'It was an incredible journey.'
Left behind by her boyfriend on a trip to Daytona Beach for Bike Week, the woman had nowhere to go. She was robbed and beaten. But then, the police took her to Heaven’s Garden Ministries, a women’s shelter on Ridgewood Avenue in Daytona Beach. She was able to stay there, and the staff helped her get replacements for lost documents and enough money to get home.
This is one of the stories that Aida Spina remembers about the shelter she operated for three years until 2006. Her book, “No Matter What” is the history of those years, about a faith-based residential program for women who were coming out prostitution, homelessness or domestic violence.
“We helped them get back into society and become productive community members,” Spina said recently. “It was an incredible journey.”
Now 10 years later, she said she felt compelled to write the 98-page book as a way to thank all of the people and organizations that helped, and to encourage everyone with the knowledge that there is no such thing as hopelessness.
“I believe there is a way out of any circumstance,” she said
Spina hopes those who remember the shelter, or who are interested in the book, will stop by a book signing 1-4 p.m. July 9 at Family Christian Stores, 2286 W. International Speedway Blvd., Daytona Beach.
She hopes to see people who worked with the shelter so she can personally thank them.
“I hope to see a lot of familiar faces,” she said.
Spina remembers working with women who had their children taken away because of drug abuse or other reasons. She would arrange to have visits with the Department of Children and Families and the children.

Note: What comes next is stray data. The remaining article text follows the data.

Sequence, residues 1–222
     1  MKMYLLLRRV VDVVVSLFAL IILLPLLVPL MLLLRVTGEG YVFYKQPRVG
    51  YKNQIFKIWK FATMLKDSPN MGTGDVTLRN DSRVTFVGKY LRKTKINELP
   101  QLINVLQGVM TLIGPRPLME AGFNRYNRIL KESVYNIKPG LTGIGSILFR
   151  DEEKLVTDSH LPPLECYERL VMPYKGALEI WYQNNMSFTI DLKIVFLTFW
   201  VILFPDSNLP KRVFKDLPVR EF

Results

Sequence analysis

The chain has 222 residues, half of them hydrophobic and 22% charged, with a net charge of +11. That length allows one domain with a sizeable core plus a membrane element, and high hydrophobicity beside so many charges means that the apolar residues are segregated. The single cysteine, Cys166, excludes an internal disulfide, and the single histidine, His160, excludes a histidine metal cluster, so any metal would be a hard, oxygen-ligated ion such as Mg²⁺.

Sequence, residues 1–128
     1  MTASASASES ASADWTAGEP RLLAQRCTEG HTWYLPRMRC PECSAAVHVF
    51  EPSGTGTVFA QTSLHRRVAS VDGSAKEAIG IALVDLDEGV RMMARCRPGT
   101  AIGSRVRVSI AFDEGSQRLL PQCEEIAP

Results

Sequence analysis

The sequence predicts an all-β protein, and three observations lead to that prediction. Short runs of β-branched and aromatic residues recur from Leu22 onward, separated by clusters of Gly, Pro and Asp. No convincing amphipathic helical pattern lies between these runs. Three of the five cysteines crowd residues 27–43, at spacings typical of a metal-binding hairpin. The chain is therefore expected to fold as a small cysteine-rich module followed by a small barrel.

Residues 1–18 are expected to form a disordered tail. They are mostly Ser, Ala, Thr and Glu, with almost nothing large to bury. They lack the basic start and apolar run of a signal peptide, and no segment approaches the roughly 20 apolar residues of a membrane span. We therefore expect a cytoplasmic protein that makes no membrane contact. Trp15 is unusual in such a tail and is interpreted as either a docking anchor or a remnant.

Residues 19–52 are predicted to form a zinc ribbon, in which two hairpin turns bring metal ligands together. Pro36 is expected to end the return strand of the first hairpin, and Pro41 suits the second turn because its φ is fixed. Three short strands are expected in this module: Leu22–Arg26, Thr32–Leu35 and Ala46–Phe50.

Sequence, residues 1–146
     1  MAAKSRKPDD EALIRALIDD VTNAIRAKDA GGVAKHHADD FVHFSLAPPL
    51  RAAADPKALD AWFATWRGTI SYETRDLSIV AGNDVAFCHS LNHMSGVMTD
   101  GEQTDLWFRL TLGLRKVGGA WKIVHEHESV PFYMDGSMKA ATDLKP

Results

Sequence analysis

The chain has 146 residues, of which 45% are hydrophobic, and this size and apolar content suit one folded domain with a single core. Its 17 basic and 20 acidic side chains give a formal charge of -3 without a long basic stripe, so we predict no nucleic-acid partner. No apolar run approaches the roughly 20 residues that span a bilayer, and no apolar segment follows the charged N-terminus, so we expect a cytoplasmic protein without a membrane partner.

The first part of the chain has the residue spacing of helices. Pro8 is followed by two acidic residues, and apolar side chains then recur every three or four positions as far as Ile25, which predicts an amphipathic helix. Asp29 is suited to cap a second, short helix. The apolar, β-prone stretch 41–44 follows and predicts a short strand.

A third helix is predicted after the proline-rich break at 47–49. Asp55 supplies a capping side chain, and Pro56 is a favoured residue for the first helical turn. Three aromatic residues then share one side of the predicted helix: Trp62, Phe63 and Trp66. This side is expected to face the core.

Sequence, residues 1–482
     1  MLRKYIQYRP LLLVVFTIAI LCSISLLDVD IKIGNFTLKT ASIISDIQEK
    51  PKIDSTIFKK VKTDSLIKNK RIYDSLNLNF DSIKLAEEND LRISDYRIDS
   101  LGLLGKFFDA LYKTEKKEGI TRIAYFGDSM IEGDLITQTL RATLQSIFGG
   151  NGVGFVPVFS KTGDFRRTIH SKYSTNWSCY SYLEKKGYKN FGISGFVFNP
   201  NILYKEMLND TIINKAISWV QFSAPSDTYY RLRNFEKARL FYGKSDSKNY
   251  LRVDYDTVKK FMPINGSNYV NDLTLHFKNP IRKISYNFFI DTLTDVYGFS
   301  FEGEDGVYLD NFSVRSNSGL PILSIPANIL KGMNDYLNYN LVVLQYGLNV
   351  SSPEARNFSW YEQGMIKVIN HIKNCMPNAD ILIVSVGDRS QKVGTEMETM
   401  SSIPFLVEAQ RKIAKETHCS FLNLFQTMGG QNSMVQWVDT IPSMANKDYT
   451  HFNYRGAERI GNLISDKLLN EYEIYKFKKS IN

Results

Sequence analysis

“We would build bridges,” she said. “Eventually they would get their children back, which was incredible.”
Many people and agencies helped with the shelter, including Stewart Marchman Foundation, state and local criminal justice systems, doctors, police; schools, the homeless coalition and churches.
“We all want to help,” Spina said. “If we get together we can do it better by uniting resources.”
Her efforts received recognition. The shelter operated during the faith-based initiative by President George W. Bush, and she was invited to Tallahassee to meet Gov. Jeb Bush, and then to Washington, D.C., where she met President Bush in 2004.
A volunteer remembers
Doris King, of Ormond Beach, a lay minister who works at Florida Health Hospice, would have Bible studies at the shelter for the women.
“I really am hoping to see a program like that again,” she said. “She did an awesome job. They took them to the doctor, to classes to help get a job … people would come in to provide counseling.”
King said she sometimes hears from women who got help at the shelter and they are still doing well.
A new beginning
There were more than 50 volunteers at the shelter, teaching computer skills, how to dress, arts and crafts, etc.
“It was an amazing season,” Spina said.
It was a live-in place, and Spina lived here as well. She put her all into the shelter, and found, after three years, that she was actually doing more work than one person should do.
“I was burned out,” she said. “I had a lot of volunteers but the responsibility was on my shoulders and it took a toll on me.”
She now has plans to start a new Heaven’s Garden Ministries, perhaps even bigger than before. But this time, she has a person who will work along beside her and share the duties, Nancy Mills, of New Smyrna Beach. They are looking for a location, and once they find one will be able to get started.
Spina is a pastor, ordained by Michael Bacon of Glory Tabernacle International Ministries in Youngsville, North Carolina. She has worked as a supervisor and woman’s advocate at a domestic abuse shelter and at Serenity House, where she first got the idea to start Heaven’s Garden.
Spina has been featured in several magazines and received a proclamation from Volusia County on Women in Leadership Day in 2005. She prayed in a nationally televised event at the Speedway during the National Day of Prayer in 2004.